Anyone with less-than-perfect vision understands that 20/20 sight has a rather hefty price tag. Glasses and contact lenses are all an expense those with perfect eyeballs will never understand.
So when I, a nearsighted Nelly, learned about implantable collamer lenses (ICL) and read that Joe Jonas had undergone the procedure, I wondered if switching from regular contact lenses to implantable ones was worth it.
What is ICL: You know how a contact lens sits on top of your eye? An ICL is a contact lens that gets implanted in the space behind the iris (the colourful part of the eye) but in front of the crystalline lens. It’s become preferred among eye surgeons since it doesn’t deteriorate the cornea like laser eye surgery.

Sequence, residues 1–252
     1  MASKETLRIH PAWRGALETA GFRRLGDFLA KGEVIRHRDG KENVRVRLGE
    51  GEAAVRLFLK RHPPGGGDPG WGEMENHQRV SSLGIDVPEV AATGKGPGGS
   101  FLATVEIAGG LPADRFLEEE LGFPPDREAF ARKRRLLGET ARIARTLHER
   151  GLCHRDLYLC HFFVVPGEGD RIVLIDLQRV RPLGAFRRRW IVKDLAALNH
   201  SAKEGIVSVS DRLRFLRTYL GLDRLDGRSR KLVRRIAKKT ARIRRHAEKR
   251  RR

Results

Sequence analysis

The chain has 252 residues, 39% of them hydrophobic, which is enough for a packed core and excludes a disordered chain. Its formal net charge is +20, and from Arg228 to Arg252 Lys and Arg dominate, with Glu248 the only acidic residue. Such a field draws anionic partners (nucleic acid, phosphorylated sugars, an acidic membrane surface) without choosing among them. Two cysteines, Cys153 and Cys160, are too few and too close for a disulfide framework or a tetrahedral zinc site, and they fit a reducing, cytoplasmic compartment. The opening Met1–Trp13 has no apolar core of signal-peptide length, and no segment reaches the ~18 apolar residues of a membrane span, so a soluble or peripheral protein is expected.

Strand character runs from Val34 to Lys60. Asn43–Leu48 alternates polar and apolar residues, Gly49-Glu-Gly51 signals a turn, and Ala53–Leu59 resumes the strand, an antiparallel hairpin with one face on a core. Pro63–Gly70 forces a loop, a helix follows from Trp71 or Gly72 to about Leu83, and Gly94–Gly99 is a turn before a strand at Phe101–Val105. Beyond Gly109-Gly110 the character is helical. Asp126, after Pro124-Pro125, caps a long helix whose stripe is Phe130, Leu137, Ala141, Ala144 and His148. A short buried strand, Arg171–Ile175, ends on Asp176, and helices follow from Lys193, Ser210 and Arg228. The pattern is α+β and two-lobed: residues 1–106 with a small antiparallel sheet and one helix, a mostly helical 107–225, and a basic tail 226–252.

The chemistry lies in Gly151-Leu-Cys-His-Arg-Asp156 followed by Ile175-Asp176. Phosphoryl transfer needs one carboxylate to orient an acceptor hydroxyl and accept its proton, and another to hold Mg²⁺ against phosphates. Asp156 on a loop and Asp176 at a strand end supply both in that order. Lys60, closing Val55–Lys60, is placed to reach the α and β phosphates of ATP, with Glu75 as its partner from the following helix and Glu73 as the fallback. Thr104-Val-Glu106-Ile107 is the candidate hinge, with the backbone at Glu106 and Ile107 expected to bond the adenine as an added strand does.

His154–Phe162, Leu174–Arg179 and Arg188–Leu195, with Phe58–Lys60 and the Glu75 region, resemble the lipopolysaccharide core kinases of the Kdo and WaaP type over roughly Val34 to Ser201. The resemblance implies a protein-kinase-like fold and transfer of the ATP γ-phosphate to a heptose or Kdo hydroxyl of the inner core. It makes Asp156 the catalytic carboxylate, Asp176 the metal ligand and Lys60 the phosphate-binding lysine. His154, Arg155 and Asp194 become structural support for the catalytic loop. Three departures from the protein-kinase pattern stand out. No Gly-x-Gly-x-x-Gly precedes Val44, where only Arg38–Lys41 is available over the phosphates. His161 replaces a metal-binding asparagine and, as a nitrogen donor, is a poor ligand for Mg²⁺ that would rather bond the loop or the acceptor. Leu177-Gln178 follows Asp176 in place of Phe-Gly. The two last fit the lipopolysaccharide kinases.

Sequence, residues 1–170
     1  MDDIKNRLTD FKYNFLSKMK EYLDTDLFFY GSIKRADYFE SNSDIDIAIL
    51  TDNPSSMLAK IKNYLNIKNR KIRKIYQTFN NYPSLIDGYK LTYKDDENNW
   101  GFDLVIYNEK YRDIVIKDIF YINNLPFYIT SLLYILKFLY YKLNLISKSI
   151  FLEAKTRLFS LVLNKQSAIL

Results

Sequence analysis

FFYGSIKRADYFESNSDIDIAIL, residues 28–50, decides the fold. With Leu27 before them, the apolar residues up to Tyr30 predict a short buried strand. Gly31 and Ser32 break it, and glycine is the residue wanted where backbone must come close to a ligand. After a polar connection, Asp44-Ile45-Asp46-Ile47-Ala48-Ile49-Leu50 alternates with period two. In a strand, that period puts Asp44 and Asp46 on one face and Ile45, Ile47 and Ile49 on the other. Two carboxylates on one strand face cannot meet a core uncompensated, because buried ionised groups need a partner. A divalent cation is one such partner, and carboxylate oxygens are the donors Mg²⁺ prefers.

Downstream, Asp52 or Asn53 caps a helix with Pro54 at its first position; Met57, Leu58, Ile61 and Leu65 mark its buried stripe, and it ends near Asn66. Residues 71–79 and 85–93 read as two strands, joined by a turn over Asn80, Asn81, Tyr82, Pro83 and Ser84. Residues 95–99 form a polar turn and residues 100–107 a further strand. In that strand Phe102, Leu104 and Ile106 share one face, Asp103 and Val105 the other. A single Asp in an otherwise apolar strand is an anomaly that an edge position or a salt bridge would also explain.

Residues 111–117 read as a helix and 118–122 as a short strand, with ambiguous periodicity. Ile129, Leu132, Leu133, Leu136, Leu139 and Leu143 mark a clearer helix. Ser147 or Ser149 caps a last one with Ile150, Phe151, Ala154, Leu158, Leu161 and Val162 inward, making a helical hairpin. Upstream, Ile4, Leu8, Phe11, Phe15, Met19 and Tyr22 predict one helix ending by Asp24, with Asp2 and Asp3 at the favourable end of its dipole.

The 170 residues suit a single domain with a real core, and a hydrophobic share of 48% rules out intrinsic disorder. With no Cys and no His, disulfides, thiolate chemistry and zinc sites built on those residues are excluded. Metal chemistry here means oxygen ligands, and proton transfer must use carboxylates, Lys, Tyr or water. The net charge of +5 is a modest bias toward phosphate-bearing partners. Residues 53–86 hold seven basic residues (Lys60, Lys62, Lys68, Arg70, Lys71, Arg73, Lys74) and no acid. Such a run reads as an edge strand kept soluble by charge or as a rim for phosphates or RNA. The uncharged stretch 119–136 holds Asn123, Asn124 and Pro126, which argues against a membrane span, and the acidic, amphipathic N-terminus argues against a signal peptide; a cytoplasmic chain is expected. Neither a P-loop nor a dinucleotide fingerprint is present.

- It’s permanent but can be reversed.
- The quick, non-invasive procedure takes about 20 minutes.
- Most patients experience same day vision restoration with some discomfort for two to three days after. The entire healing process lasts about four weeks.
- ICL is considered an elective and cosmetic surgery, so general insurance plans probably won’t cover it.
The cost: An ICL procedure starts at $3,050 per eye, so if you’re not a cyclops, it’s a starting price tag of $6,100.
- It’s a big price difference from the $207 I paid for a year’s worth of bi-weekly contact lenses from my optician. It costs me about 56 cents a day to be able to see using contacts.
If I underwent an ICL procedure this year, it would take 29 years to cover the annual expense of my contact lenses.
So, is it worth it? This is a tough call—the freedom to see without fumbling around blindly looking for your glasses or contact case is priceless. But if you have a thing about other people touching your eye and decent health insurance, you might be better off sticking with contacts.